It doesn’t require a lot of copy. And I know, especially in creative industries, and especially for photographers, you kind of want your photography to have center stage, right? So you don’t need to put a whole lot of copy there. The only thing that I recommend is having a headline that’s really related to your value proposition, which is super jargony marketing speak. But basically what it means is, what is your unique approach and what makes you different from other photographers out there? If you go through Kenna’s site (who we’re using for this website audit example), you’ll see that she takes a really amazing storytelling approach to her couples photography. That’s kind of her value proposition, right? So you want a headline that speaks to that, because not all photographers are like that. You want something like, “Capturing your stories”.

Megan (13:35):

I know that SEO is a priority for Kenna as well, and it probably is for a lot of photographers. It’s very hard to rank for SEO with your homepage. I’m not gonna lie to you. There are other ways that you can rank for SEO. But, that said, you would want to have something as well [that speaks to local SEO], like “Lexington, Kentucky weddings and couples photographer”. Make it super clear as soon as they land on your page what the heck it is you do. So you obviously have “Kenna Marie Photography”, so I know you’re a photographer. You have “Lexington, Kentucky” at the bottom. But I have to be moving all over your [homepage] to put those pieces together. So have a line of copy that explains who you are and what you do and who you do it for. And then like I said, that call to action. So what is your most important goal? As soon as somebody lands on your website, what ideally do you want them to do? Do you want them to book a package? Do you want them to get in touch? Do you want them to check out your about me page? Maybe that is the most important thing for you right now. Whatever it is, you need a button, you need a link above the fold that’s going to direct them to take action. I hope that makes sense. April is going to go through the other sections of the homepage.

Controlling the visitor ‘flow’ + ideal funnel via the homepage

April (14:46):

Okay. Remember what I said about the remote control thing? I always ask people when I do my Site Psychology service what their ideal funnel is. And what that means is, in an ideal world, what would it look like if your ideal client were to land on your website? What pages would they look at, and what flow would you want them to go through? What Kenna said is what I hear a lot of people say, and it’s that we want them to land on our homepage, look through that, but we want them to then go to our portfolio and look at our work. And this could be for any industry, just looking at what you sell. And then we want them to go and learn about the packages, the stuff that you actually sell. And then we want them to contact. So that was her ideal flow.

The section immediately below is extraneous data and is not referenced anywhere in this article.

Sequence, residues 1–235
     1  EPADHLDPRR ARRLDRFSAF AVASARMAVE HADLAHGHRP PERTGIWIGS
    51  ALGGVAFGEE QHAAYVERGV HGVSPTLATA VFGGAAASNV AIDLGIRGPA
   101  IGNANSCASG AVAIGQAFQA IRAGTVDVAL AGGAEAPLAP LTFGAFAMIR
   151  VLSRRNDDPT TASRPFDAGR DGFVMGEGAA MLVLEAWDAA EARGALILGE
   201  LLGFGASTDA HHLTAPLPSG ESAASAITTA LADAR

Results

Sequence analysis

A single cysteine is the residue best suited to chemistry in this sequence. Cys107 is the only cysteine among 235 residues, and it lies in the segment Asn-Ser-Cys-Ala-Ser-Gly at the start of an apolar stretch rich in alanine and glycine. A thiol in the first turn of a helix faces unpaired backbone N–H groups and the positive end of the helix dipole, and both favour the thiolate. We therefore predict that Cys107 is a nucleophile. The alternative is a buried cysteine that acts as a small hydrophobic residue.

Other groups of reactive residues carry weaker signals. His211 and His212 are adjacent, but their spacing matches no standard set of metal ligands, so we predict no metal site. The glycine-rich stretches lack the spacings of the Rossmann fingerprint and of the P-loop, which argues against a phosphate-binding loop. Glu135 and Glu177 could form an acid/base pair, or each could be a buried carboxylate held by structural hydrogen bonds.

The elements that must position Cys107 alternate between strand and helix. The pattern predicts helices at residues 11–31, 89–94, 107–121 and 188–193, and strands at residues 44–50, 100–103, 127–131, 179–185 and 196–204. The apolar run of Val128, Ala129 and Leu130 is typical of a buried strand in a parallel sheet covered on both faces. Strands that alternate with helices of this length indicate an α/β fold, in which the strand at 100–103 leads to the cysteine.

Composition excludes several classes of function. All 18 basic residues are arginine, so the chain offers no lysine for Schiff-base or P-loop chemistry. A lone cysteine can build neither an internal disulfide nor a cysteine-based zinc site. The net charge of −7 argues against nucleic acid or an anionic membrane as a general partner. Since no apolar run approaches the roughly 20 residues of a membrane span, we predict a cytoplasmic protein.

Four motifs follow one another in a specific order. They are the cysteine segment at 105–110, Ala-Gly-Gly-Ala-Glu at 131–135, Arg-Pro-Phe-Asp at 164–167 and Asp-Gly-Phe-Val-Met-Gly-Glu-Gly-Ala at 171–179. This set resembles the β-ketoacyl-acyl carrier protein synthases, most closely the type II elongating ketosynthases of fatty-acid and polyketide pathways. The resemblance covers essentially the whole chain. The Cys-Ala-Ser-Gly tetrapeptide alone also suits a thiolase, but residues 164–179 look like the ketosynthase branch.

April (15:40):

Looking at her site, I’m going to go through the homepage and see if it’s set up for that flow to happen just on the homepage. So we’re going to pretend that this navigation bar is not here. We’re gonna do an assessment and say, if this navigation bar wasn’t here, would someone be able to go through that funnel clearly and easily? Because remember, the goal is that we want to be their guide as if they would never have to push this navigation bar.

April (16:08):

So we’re gonna scroll down and you guys can see the rest of the website if you haven’t already. Kenna has this little mission statement, but also just like telling a little bit about who she is. The first section is about the photographer, and then we have a newsletter sign up, and then we have testimonials. And then we have her Instagram and her footer. So if we want someone to first go to her portfolio, we could count [these above the fold pictures], because you can scroll through them here as part of seeing her work. However, a suggestion I would make to Kenna would to be to make these pictures clickable. So something that we do in the heat maps is we’re able to see where people are clicking on the page. And sometimes you’ll see people tap the screen. And if they’re ever tapping on an image and it’s not leading to anywhere, you need to change that image to be clickable. That’s one of the main things I tell people. So let’s say that [above the fold section] would go to her portfolio.

April (17:10):

There isn’t any info on the homepage about packages, like giving someone a preview of the different services she offers. It may say it in this copy down here, but we need to keep in mind that when someone lands on your website, you need to like act like they know nothing and that they don’t read any paragraphs. Which sucks. But that’s just the reality sometimes.

April (17:40):